ProFile: Layne Ward

by Lily Landreth

Bull rider Layne Ward won the NIRA’s Southwest Region in 2015 competing in just five rodeos – half of a college rodeo season. This year, he’s sitting second in the region with plans to defend his title and represent Odessa College a second time at the CNFR. “This year is going good – I won the first rodeo of the season and placed in the second,” says the 22 year old from Almo, Idaho. He attended Utah State University for a semester in 2014 but competed in a full season of rodeo. When he arrived at Odessa College, he needed 24 previous credits before he was eligible for a second season of college rodeo, giving him just the spring of 2015 to qualify for the CNFR, which he accomplished by winning three rodeos and placing second in another. “College finals was rough – I’d separated my shoulder the week before in an accident and then went to two pro rodeos before the CNFR, so it was a hard week. But the experience was great and it’s a really fun rodeo to be a part of – it makes me hungry to do good this year and get back there!”
Odessa College came onto Layne’s radar when several of his friends, including a cousin, chose to attend school there. “C.J. Aragon, our rodeo coach, recruited my cousin, and I thought it would be pretty awesome to rodeo here,” Layne recalls. “C.J. put a scholarship together for me, and this is my second year here now. I love it here – the college and their rodeo program are great, and so is C.J. He’s always encouraging me, and any time I’m down, he’ll give me a boost. If I’m ever going through a rough time and have to ask myself why I’m doing this (rodeo), I’m reminded that I’m doing it to win titles, but I mainly want to push myself to see how great I can be. If I’m not at that point, then I need to keep working, and my coach and my parents do a great job of keeping me going. It’s always good to have those outside sources, but if you don’t have the internal drive to push yourself each day, it can be pretty tough.”
Growing up on a ranch in southeast Idaho gave Layne the foundation for the self-motivation and hard work bull riding requires. His parents, Steve and Tonya Ward, took him to gymkhanas where he rode sheep and calves before he competed in a year of junior high rodeo, while his brother and two sisters also compete. “I stick to the thrill side of things – I’m usually the one up for doing the scariest stuff,” Layne says with a laugh. “I try to take anything to the next level, whether it’s boating or riding my dirt bike.” In high school, he competed in amateur rodeos in the area, but after graduating, made a difficult choice to pause his rodeo career and serve a two year LDS mission in Mesa, Arizona. “Right as you graduate high school, it’s an important time in a rodeo career as you transition and practice for the college and pro level. It was a tough decision and I had to leave everything – I couldn’t ride bulls or horses or go to a rodeo for two years, but I don’t think I’d be as good as I am today if I hadn’t gone on that mission. I was able to heal up and work out, and let my body grow. But it was also a mental break that helped me forget about rodeo for a while and serve other people. It helped me grow up and mature, and put a lot of things into perspective.”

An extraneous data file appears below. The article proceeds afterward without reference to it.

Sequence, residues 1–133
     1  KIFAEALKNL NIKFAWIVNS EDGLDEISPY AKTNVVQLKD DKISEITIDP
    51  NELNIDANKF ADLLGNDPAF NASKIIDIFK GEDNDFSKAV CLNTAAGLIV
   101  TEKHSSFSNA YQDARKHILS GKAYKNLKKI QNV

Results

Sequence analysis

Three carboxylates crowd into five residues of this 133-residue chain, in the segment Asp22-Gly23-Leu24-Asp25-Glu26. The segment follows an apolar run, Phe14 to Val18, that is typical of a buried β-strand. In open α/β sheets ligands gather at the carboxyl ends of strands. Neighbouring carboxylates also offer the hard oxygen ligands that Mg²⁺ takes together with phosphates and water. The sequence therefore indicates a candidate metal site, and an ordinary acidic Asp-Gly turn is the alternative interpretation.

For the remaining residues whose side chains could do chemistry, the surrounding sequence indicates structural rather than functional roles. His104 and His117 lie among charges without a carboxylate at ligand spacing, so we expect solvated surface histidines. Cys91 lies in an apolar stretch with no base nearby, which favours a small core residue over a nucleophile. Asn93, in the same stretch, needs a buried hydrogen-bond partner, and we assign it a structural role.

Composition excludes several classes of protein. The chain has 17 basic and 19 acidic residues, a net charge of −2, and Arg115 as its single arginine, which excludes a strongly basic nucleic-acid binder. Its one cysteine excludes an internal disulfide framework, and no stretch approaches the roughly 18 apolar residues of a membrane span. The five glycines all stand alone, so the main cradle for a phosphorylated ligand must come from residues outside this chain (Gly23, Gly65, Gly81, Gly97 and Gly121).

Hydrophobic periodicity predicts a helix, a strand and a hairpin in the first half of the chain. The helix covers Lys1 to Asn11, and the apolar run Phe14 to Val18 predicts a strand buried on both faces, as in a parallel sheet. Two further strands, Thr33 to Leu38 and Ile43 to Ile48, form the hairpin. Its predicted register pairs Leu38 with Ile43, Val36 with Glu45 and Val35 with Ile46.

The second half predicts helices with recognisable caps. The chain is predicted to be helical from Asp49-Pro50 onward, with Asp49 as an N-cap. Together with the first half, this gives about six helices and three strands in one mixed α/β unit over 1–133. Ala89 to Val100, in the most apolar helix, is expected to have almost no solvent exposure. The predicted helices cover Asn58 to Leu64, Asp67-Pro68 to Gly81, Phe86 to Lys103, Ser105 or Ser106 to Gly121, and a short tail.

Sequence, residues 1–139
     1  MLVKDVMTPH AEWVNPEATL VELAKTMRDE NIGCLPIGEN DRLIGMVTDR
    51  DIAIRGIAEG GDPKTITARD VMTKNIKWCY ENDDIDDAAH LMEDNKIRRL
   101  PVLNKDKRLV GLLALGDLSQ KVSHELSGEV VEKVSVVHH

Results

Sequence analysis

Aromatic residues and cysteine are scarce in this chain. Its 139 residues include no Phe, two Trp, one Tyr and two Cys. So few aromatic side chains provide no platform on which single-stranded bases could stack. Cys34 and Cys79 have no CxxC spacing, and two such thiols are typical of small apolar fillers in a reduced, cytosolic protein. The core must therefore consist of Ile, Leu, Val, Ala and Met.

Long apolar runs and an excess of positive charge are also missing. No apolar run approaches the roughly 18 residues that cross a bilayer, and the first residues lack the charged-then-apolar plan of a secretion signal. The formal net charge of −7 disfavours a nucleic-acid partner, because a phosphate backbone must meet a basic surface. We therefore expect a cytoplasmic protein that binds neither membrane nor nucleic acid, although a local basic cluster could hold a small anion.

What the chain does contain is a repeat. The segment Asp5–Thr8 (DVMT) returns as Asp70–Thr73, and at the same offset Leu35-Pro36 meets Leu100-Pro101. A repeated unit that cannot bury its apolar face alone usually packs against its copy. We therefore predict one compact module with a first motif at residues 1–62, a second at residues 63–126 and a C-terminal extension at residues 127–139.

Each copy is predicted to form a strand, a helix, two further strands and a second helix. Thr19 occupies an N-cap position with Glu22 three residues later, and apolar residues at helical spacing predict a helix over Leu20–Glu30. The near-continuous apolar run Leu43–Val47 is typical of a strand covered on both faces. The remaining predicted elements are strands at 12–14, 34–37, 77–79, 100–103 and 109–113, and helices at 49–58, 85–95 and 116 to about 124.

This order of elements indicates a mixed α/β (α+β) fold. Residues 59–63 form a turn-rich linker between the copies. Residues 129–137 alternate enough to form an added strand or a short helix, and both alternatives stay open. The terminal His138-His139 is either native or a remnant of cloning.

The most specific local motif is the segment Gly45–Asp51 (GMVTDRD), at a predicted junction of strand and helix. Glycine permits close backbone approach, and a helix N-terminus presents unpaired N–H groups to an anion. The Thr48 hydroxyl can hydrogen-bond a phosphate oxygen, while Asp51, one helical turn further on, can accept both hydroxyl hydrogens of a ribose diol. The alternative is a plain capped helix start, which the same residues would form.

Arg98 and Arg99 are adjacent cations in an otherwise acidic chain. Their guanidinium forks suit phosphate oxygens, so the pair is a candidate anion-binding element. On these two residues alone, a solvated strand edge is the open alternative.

Returning to the chutes two years later wasn’t as challenging as Layne expected, but he admits it was still rough. “It was frustrating to re-learn some things, but I’d also forgotten some bad habits, and once it clicked, I knew how it should feel again,” he says. “Rodeo down here in Texas is a different level. It’s not better than anywhere else, but everybody here is ready to do well and help everyone else do the same. They step up the game and make rodeo what it is.”
Layne filled his PRCA permit this year and plans to ride on his card starting with the 2017 season. He’ll graduate in the spring with degrees in business administration and general studies. “I couldn’t have done a lot of this without the help of my sponsor, Brahma Lending and Leasing,” he finishes. “I’d like to win the college region here again and win the CNFR. I want to rodeo as hard as I can and see how far I go, but the aim is to make the NFR and win a gold buckle. I plan on going all the way!”

© Rodeo Life Media Corporation | All Rights Reserved • Laramie, Wyoming • 307.761.9053

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